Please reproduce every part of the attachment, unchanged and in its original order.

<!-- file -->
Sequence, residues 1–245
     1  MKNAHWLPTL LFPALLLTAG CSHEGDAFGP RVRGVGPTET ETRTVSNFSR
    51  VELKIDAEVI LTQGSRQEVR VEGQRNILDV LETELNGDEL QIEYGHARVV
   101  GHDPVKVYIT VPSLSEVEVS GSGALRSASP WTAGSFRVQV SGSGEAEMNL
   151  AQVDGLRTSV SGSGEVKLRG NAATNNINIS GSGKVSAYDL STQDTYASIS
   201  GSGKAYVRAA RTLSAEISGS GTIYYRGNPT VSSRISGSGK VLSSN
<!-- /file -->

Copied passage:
Sequence, residues 1–245
     1  MKNAHWLPTL LFPALLLTAG CSHEGDAFGP RVRGVGPTET ETRTVSNFSR
    51  VELKIDAEVI LTQGSRQEVR VEGQRNILDV LETELNGDEL QIEYGHARVV
   101  GHDPVKVYIT VPSLSEVEVS GSGALRSASP WTAGSFRVQV SGSGEAEMNL
   151  AQVDGLRTSV SGSGEVKLRG NAATNNINIS GSGKVSAYDL STQDTYASIS
   201  GSGKAYVRAA RTLSAEISGS GTIYYRGNPT VSSRISGSGK VLSSN